This is a video from Italy of a stone curlew with chicks.
From Wildlife Extra:
Stone curlew reaches conservation target ahead of schedule – but dangers signs are flickering
November 2008. The latest breeding figures for one of the UK’s most threatened birds, the stone-curlew, shows that it has reached a conservation milestone, seven years ahead of target. However, the RSPB and Natural England today are warning that the recovery may be reversed if measures to create suitable habitat for this bird are not implemented quickly.
351 pairs nested
This summer’s population count revealed that 351 pairs nested, which means that the stone-curlew has met its 2015 Biodiversity Action Plan target of 350 pairs, well ahead of time. It is one of the few species of bird achieving this level of success. This crow-sized wading bird has its strongholds in the Brecklands of East Anglia, and Wessex, centred on Salisbury Plain.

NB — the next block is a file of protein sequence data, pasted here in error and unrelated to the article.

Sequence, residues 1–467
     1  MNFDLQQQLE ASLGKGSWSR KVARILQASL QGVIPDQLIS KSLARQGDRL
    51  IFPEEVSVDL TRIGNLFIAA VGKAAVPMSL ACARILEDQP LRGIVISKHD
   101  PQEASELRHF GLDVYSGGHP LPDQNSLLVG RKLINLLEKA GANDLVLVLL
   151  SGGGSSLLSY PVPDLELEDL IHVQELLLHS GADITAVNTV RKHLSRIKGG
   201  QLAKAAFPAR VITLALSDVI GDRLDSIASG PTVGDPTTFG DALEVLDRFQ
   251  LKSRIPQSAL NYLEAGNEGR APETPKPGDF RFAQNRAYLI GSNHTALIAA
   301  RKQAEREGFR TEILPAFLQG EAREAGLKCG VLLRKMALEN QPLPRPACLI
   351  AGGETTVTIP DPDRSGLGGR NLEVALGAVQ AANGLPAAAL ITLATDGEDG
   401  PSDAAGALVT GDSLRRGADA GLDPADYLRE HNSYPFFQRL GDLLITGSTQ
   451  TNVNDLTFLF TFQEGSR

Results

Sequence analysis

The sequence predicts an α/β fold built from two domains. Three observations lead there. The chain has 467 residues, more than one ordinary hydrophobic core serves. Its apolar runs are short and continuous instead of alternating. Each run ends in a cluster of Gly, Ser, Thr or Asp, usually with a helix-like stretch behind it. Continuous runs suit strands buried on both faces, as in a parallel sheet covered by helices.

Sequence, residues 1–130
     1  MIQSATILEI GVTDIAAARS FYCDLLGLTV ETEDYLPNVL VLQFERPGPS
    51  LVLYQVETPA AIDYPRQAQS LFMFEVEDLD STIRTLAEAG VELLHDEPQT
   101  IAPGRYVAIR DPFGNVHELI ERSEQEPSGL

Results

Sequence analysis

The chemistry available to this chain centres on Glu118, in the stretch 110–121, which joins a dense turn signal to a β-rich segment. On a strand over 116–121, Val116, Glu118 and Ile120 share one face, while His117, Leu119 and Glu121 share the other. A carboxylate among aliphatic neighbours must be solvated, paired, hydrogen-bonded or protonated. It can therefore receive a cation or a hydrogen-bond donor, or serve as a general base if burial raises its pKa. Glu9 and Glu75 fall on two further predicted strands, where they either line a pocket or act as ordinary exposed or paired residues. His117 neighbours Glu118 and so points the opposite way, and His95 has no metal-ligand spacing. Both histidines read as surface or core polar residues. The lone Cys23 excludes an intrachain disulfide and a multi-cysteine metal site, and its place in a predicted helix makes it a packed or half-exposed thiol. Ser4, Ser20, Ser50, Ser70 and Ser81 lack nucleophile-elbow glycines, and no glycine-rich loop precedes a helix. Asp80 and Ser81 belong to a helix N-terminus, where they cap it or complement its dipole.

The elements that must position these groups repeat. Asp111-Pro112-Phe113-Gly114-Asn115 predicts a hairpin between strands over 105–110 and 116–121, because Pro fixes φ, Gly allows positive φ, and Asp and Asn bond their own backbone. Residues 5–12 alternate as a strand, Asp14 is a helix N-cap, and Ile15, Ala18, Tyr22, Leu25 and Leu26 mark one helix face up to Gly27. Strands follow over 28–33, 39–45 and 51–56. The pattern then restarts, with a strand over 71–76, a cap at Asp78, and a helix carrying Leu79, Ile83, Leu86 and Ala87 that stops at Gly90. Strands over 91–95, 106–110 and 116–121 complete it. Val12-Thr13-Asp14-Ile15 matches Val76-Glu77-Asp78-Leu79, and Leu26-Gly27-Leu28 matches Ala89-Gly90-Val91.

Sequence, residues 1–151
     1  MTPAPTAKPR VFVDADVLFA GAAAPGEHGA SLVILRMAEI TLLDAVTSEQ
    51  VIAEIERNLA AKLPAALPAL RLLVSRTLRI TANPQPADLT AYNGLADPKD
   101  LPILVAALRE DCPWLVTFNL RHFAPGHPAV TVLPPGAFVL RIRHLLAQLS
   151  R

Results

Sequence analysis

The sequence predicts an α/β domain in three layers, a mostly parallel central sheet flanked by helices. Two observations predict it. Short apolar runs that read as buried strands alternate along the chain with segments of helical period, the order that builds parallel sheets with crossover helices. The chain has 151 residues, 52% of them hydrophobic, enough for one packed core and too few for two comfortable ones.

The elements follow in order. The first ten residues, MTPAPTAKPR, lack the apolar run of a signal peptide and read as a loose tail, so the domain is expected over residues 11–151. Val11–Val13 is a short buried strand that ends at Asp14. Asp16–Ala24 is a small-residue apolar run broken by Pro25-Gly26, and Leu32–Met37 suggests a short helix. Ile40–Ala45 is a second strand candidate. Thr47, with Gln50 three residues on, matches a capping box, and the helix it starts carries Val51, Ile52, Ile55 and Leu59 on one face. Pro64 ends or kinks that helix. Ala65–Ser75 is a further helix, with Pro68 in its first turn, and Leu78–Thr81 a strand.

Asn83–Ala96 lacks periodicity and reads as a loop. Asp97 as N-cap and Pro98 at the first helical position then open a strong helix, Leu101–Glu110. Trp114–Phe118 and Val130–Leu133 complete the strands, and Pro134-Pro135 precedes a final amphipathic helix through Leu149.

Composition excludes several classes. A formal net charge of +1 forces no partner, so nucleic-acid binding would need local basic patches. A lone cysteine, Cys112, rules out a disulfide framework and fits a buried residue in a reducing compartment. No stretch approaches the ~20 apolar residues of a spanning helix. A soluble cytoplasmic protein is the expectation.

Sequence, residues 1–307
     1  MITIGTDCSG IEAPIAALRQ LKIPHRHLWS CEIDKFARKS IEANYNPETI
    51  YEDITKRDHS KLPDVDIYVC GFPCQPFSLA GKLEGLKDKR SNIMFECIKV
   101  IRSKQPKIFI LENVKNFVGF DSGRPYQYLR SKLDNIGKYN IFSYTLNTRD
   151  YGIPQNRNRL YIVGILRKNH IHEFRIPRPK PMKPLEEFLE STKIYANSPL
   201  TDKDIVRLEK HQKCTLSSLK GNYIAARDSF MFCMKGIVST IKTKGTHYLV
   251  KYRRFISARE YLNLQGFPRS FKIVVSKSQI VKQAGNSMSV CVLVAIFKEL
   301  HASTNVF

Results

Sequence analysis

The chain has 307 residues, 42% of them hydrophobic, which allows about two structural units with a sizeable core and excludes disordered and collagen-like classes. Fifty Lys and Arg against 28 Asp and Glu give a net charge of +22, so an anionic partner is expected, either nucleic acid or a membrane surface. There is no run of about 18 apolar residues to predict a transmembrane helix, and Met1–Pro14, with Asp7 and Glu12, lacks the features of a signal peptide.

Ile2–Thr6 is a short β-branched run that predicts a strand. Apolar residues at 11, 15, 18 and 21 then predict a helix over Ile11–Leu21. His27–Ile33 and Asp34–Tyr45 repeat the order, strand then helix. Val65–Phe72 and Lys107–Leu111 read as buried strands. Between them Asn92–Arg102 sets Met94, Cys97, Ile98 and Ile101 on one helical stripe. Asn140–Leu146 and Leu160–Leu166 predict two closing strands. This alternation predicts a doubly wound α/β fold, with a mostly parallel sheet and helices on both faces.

Warning signs – Fledging rate dropped dramatically
But the survey also revealed a dramatic drop in the number of young birds being fledged. This year, on average every 100 pairs between them only fledged 49 chicks, making this the lowest level of success since at least 1988. The UK’s stone-curlew population this year only fledged 172 young, compared to 238 in 2007 – an average year.
Wet weather and scrapping of set-aside
The stone-curlew likes open ground, and it is believed that the combination of a wet spring and summer, prompting grass growth and making it hard for the birds to find insects on bare ground, and the scrapping of set-aside, where farmland is left un-cropped, had a significant impact on this year’s breeding success.
British garden wildlife survey results: here.
Europe’s farmland birds continue to suffer from agricultural policy: here.